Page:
Decided September 25, 1961.
Action against promotors of corporation for debt incurred in name of corporation. Judgment for defendants.
1. Corporations — Contracts — Promoters — Personal Liability. The general rule is that promoters of a corporation are personally liable on their contracts, though made on behalf of a corporation to be formed, unless the contract is made on behalf of the corporation and the other party agrees to look to the corporation and not to the promotors for payment, in which case no personal liability is incurred.
2. Promoters — Contracts — Personal Liability. In an action against promotors of a corporation to recover on contract in name of corporation, where entire transaction contemplated the corporation as the contracting party, personal liability of the promotors does not arise.
3. Trial — Findings — Contract — Promotors — Evidence. Where findings of trial court clearly establish intent of plaintiff to contract with corporation to be formed and not with the individual promotors, no effort being made to expressly obligate defendants, plaintiff cannot recover from individuals.
Error to the District Court of Jefferson County, Hon. Osmer E. Smith, Judge.
Messrs. SHELDON AND NORDMARK, for plaintiff in error.
Mr. J. FRED SCHNEIDER, Mr. RONALD LEE COOKE, Mr. WARREN O. MARTIN, for defendants in error.
THE plaintiff in error, to which we will refer as Quaker Hill or plaintiff, was plaintiff in the trial court in an action to recover the sum of $14,503.56 from defendants, defendants in error here. Judgment was in favor of the defendants, and Quaker Hill seeks review.
In May 1958 the plaintiff, a New York corporation with offices in Newark, New York, sold a large quantity of nursery stock to the Denver Memorial Nursery, Inc. A sales contract, together with a promissory note, was executed on May 19, 1958, and the Denver Memorial Nursery, Inc., was named as the contracting party in the sales contract and as the maker of the promissory note. The form of the signature on the note was as follows:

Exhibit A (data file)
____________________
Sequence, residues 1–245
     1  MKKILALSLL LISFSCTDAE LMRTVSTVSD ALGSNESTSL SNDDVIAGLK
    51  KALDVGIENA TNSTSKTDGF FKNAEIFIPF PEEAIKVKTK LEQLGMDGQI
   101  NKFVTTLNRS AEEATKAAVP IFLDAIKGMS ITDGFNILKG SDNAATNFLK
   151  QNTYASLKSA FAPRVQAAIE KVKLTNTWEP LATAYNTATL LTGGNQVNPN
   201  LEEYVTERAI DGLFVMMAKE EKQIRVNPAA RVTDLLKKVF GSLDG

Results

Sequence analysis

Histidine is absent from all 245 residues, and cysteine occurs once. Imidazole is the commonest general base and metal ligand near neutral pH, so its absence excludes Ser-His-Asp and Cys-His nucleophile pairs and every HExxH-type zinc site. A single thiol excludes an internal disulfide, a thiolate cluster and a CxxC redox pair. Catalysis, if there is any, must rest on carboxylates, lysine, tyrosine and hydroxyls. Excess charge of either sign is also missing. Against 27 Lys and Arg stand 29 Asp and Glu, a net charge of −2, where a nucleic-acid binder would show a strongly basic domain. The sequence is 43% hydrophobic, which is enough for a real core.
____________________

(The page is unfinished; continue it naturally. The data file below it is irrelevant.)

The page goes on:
"Denver Memorial Nursery, Inc.,
E.D. Parr, Pres.
James P. Presba, Sc'y.-Treas."
The contract shows the Denver Memorial Nursery, Inc., as purchaser and is signed:
"E.D. Parr, Pres."
From the evidence it appears that in the year 1958, prior to this transaction, Parr, Presba and others formed a corporation having the name "Denver Memorial Gardens, Inc., Its purpose was to operate a cemetery. In May of 1958 Parr and Presba, while in the course of negotiations with plaintiff to purchase nursery stock, undertook to organize a separate corporation called "Denver Memorial Nursery, Inc." On May 14, 1958, an order was signed by Parr on behalf of Denver Memorial Nursery, Inc., which, to the knowledge of plaintiff, was not yet formed, that fact being noted in the contract. Subsequently another order dated May 16, 1958, together with the mentioned note, was executed and was delivered to the plaintiff, together with a down payment in the amount of $1,000. Under the contract the balance of the purchase price was not due until the end of the year. The nursery stock was shipped immediately and arrived on May 26, 1958. It was temporarily planted with the assistance of plaintiff. After this temporary planting had occurred, a substitute order was sent to Quaker Hill which was similar in all respects to the previous order except that it contained the name "Mountain View Nurseries" instead of "Denver Memorial Nursery, Inc.," as the purchaser. During the course of the ensuing winter and spring and prior to the due date of the balance of the purchase price, the nursery stock all died. The contract contained a guarantee providing for replacement of stock which died.
The Denver Memorial Nursery, Inc., was never formed. Because of name confusion, this corporation was called Mountain View Nurseries, Inc. Its articles were executed on May 27, 1958, and were subsequently filed with the Secretary of State. Neither the Denver Memorial Nursery, Inc., nor the Mountain View Nurseries, Inc., ever functioned as going concerns.